A New Dawn
Published Tuesday 25 October, 2011
It can only be good news that another murdering, tyrannical dictator meets a grisly end pleading for his own life; and (extremely importantly) at the hands of his own people. Of course there should be proper questions raised and dealt with (not suppressed) about what exactly happened in those frantic, few, highly charged minutes when Gaddafi died but the two big plusses arising out of Thursday's events are that, one, a message goes out to dictators the World over that, from Mussolini to Ceausescu, from Saddam to Gaddafi, they get you in the end and two, an entire people, a whole population thuggishly suppressed for over four decades can now move on. Haltingly, worryingly and no doubt with a few mistakes along the way a new Country can rise again and become an exemplar of democratic freedom in a not-so-free part of the World.
So where does that leave the rest of us?
Russia and (very importantly and significantly) China abstained on that vital UN Resolution that enabled all this to happen and a human catastrophe to be averted. They did not veto it. Perhaps China will see from the way this played out that her increasing global power does call for the exercise of some interventionist responsibility now and again and that it doesn't always lead to "Western Capitalistic Imperialism".
Germany should take a long, hard look at its actions (or, rather, lack of them). Conspicuous by its absence I trust that Merkel will not seek to interfere now and will maintain the absence from the table that her Country's wrong-headed, standoffish behaviour calls for. The World, especially in times such as those pertaining last March at the gates of Benghazi, needs a strong, confident Germany. Perhaps next time Chancellor.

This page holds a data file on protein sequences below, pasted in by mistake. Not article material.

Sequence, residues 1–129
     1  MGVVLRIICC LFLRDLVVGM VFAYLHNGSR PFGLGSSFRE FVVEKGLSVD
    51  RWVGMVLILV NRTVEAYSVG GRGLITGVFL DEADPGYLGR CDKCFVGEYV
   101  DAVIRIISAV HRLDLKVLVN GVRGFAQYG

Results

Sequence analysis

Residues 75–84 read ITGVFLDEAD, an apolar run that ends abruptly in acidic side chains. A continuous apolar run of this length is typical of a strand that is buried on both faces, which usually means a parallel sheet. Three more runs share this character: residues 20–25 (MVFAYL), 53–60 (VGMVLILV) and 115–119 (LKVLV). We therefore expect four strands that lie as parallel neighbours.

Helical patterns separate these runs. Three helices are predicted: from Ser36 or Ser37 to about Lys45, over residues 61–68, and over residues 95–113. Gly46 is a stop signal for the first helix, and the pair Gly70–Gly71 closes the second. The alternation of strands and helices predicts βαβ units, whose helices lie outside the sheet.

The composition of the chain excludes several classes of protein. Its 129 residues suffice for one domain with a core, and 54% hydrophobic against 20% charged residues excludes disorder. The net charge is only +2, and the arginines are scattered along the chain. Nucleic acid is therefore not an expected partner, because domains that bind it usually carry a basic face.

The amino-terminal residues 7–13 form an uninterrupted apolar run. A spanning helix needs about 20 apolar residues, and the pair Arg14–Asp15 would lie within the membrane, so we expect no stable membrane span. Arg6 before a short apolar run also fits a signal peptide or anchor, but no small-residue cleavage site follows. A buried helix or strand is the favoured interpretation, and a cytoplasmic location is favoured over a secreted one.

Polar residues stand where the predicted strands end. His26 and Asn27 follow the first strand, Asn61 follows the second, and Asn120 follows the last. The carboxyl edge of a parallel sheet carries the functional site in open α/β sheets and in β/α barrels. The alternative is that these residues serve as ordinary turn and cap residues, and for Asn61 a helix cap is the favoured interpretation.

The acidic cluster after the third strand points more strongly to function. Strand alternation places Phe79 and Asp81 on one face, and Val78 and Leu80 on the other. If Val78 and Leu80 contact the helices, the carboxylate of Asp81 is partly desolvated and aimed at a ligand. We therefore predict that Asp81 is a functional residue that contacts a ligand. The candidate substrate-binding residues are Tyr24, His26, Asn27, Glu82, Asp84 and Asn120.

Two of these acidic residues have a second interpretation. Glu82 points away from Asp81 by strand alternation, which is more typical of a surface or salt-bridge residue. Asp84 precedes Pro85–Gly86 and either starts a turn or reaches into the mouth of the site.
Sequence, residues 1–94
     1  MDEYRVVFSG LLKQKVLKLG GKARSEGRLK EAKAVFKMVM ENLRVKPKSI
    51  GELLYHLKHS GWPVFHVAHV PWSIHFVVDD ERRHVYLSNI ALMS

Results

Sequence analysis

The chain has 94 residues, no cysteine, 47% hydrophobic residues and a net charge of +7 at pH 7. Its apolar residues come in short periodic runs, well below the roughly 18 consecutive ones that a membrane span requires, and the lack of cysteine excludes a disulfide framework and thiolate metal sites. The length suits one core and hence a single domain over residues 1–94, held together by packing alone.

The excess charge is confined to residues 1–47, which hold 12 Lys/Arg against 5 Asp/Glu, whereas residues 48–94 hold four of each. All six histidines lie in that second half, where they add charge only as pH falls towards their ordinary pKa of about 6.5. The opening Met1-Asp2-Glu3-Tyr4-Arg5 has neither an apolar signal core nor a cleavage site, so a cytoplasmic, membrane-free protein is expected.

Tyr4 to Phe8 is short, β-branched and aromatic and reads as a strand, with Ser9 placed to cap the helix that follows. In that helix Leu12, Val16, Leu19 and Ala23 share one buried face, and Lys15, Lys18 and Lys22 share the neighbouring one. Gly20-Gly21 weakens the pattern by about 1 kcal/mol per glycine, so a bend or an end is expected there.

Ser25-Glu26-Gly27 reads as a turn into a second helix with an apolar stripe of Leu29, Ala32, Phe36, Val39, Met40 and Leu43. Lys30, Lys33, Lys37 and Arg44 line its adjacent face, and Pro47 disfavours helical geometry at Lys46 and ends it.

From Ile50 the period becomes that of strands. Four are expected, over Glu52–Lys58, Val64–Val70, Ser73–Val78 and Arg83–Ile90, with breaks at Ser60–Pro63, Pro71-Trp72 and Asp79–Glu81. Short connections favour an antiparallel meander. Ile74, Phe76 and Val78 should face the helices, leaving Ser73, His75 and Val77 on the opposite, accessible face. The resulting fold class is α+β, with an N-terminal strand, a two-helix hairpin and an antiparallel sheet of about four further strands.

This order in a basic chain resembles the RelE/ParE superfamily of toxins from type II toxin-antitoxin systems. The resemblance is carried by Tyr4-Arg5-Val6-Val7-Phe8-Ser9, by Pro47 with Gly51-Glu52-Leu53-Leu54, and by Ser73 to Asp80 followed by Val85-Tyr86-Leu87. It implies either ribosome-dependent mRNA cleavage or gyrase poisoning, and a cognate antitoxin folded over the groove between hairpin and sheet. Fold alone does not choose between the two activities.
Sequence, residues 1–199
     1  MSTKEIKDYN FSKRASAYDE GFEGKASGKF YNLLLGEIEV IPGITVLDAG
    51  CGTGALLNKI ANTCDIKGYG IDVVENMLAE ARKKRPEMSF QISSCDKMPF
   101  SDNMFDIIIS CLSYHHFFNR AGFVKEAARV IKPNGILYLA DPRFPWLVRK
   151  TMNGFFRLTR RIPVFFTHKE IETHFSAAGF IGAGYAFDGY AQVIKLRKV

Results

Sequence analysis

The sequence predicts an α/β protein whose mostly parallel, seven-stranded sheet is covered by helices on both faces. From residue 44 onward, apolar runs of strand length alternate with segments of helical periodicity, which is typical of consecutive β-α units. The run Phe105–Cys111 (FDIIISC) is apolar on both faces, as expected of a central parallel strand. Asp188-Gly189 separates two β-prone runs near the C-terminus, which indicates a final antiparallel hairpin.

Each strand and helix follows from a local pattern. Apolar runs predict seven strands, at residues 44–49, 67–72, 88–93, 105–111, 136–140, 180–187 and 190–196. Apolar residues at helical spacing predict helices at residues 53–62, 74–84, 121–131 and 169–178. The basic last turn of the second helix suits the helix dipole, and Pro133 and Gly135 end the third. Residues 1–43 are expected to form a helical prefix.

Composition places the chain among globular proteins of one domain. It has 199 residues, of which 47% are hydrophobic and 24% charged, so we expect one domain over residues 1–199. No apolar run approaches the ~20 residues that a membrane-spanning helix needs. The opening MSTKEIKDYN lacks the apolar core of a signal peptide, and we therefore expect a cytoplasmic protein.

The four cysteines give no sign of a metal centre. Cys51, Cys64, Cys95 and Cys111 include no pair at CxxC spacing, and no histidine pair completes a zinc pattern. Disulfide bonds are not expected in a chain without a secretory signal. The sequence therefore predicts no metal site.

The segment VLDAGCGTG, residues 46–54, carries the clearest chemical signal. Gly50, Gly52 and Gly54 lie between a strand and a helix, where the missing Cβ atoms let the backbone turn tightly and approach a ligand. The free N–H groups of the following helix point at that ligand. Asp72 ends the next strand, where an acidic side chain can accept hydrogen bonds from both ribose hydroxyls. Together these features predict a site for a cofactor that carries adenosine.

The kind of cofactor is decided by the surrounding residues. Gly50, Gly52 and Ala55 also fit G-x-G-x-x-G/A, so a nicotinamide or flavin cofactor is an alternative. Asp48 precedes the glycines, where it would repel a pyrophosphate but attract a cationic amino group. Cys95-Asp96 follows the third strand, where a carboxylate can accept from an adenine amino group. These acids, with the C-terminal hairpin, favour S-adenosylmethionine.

President Obama should take comfort and praise from this conclusion. He steered his country away from direct involvement with all the attendant condemnation that would have brought about, unfair but real and yet stood up for freedom in the Great American Tradition with technological and logistic support of a level that, without it, the result would have been tragically very different.
The Arab League should be very proud. With the forming of some unlikely alliances and sticking at it, the Maghreb and the wider Arabia are safer places this morning.
And France and the UK? Well done! Properly undertaken, brilliantly pursued and marvellously delivered into the endgame so that Libya was liberated from tyranny by Libyans, with a little help from their friends. Should UK Business benefit. Yes. Why not? Openly, transparently and most certainly in a non-corrupt process. But we should be un-British in our pursuit of contracts and orders; don't hold back; don't diffidently smile in our reserve with justified pride of the part we played as others take commercial advantage. Enjoy the reservoir of goodwill and create a business infrastructure in Libya full of open competition and the pursuit of excellence, whilst creating wealth and jobs for the British people at the same time. There is nothing wrong with that!
But that is for another day. Indeed it is probably a few months yet before the serious business of rebuilding Libya gets truly under way. A proper elected Government has to be created. Vacuums have to be filled. Essentials, from clean water to electricity, from schools to personal security, have to be provided. The UK is good at that stuff too; and there should be no commercial advantage for us in any of that. We should help our fellow man because we can, period.